Elements of a Contract
When Does a Contract Exist?
When a party files a suit claiming a breach of contract, the first question the judge must answer is whether a contract existed between the parties. The complaining party must prove four elements to show that a contract existed:
1. Offer - One of the parties made a promise to do or refrain from doing some specified action in the future.
2. Consideration - Something of value was promised in exchange for the specified action or nonaction. This can take the form of a significant expenditure of money or effort, a promise to perform some service, an agreement not to do something, or reliance on the promise. Consideration is the value that induces the parties to enter into the contract.
The existence of consideration distinguishes a contract from a gift. A gift is a voluntary and gratuitous transfer of property from one person to another, without something of value promised in return. Failure to follow through on a promise to make a gift is not enforceable as a breach of contract because there is no consideration for the promise.
3. Acceptance - The offer was accepted unambiguously. Acceptance may be expressed through words, deeds or performance as called for in the contract. Generally, the acceptance must mirror the terms of the offer. If not, the acceptance is viewed as a rejection and counteroffer.
If the contract involves a sale of goods (i.e. items that are movable) between merchants, then the acceptance does not have to mirror the terms of the offer for a valid contract to exist, unless:
(a) the terms of the acceptance significantly alter the original contract; or
(b) the offeror objects within a reasonable time.
4. Mutuality - The contracting parties had “a meeting of the minds” regarding the agreement. This means the parties understood and agreed to the basic substance and terms of the contract.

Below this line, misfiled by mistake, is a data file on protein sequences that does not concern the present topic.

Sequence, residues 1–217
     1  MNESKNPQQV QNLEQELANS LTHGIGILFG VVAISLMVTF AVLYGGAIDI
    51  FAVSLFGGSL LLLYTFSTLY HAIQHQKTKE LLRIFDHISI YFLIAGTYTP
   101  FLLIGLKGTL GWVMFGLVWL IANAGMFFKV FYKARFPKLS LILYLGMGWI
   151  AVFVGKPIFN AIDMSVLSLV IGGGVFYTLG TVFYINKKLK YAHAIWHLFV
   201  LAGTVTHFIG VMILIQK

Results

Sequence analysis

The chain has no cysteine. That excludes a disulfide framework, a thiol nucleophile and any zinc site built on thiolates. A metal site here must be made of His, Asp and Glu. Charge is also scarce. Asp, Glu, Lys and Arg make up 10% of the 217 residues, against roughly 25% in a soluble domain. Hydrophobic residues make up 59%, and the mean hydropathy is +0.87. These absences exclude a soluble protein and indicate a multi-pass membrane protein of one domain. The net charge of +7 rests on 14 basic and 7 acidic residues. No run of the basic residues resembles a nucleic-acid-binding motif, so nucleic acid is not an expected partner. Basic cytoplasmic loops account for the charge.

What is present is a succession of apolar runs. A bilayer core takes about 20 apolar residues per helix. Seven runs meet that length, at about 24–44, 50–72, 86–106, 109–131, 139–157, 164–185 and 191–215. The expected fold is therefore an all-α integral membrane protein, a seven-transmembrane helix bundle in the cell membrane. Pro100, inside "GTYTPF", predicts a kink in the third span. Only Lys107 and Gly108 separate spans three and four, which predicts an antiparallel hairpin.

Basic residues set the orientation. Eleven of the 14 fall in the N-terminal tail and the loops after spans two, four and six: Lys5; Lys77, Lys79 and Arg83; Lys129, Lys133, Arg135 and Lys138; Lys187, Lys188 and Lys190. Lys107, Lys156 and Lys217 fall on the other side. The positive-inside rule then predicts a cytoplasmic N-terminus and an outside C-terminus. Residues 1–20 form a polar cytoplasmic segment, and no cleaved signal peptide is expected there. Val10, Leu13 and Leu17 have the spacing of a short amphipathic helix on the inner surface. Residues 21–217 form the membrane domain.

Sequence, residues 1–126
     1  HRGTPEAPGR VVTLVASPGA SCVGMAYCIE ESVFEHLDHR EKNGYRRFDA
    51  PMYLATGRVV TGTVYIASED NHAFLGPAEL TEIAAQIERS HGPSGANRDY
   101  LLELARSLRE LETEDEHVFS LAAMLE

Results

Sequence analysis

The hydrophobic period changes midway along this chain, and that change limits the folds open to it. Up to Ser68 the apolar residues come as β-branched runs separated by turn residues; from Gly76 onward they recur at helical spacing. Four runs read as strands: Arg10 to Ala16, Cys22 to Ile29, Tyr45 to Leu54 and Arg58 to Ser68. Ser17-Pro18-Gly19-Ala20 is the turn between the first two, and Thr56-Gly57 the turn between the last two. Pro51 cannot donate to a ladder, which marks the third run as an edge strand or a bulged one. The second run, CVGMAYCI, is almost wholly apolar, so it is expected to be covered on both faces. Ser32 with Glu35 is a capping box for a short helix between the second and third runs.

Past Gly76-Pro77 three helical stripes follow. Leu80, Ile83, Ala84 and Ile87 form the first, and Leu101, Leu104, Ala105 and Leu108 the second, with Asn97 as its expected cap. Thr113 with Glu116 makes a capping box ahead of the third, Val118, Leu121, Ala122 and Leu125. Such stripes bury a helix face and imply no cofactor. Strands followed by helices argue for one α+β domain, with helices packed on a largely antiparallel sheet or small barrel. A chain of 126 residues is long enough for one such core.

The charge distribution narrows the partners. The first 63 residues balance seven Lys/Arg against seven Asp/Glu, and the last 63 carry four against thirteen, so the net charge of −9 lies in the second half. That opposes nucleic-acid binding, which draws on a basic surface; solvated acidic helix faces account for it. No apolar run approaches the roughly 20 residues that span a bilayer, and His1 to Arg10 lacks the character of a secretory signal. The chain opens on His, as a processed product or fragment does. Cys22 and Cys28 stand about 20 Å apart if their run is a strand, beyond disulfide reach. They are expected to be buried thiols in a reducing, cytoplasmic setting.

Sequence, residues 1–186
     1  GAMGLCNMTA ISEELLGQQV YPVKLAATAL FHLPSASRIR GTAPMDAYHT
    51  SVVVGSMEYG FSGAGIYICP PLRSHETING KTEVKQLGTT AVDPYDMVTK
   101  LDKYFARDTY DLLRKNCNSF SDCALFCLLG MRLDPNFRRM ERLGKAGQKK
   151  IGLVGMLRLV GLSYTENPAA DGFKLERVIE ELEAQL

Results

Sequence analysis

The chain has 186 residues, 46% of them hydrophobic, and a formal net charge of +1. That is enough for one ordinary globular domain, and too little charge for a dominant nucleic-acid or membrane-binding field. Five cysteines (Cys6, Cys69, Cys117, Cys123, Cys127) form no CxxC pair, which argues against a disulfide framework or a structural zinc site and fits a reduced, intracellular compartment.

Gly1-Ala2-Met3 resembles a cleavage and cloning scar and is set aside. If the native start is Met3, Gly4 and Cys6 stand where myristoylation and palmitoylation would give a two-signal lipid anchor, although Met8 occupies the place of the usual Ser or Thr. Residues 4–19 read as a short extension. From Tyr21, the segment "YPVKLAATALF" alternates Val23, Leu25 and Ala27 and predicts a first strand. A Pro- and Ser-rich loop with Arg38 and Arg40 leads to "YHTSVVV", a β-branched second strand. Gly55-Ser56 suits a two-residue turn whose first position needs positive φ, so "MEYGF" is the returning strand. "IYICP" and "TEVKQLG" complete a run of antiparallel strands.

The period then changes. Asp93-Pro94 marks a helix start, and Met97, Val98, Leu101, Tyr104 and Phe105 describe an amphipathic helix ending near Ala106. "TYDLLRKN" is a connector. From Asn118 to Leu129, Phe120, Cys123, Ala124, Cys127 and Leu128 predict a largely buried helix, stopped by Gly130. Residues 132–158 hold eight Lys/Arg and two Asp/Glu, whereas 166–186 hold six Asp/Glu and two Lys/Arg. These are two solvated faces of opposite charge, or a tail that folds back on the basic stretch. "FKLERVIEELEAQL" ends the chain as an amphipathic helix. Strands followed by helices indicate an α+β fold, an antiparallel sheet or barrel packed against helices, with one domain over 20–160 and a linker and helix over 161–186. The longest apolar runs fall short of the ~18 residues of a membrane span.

When the complaining party provides proof that all of these elements occurred, that party meets its burden of making a prima facie case that a contract existed. For a defending party to challenge the existence of the contract, that party must provide evidence undermining one or more elements.
Does a Contract Have to be Written?
In general, there is no requirement that a contract be in writing. Although the Statute of Frauds requires certain types of contracts to be in writing, New Mexico recognizes and enforces oral contracts in some situations where the Statute of Frauds does not apply.
One important difference between oral and written contracts is the statute of limitations that creates deadlines for filing lawsuits concerning the contract. For oral contracts, the statute of limitations is four years. NMSA §37-1-4. For written contracts, the general statute of limitations is six years. NMSA §37-1-3. However, if the written contract is for the sale of goods, the statute of limitations is four years unless the parties contract for a shorter period. NMSA §55-2-725. The shorter period cannot be less than one year.
How Is a Contract Interpreted?
The court reads the contract as a whole and according to the ordinary meaning of the words. Generally, the meaning of a contract is determined by looking at the intentions of the parties at the time of the contract’s creation. When the intention of the parties is unclear, courts look to any custom and usage in a particular business and in a particular locale that might help determine the intention. For oral contracts, courts may determine the intention of the parties by considering the circumstances of the contract’s formation, as well as the course of dealing between the parties.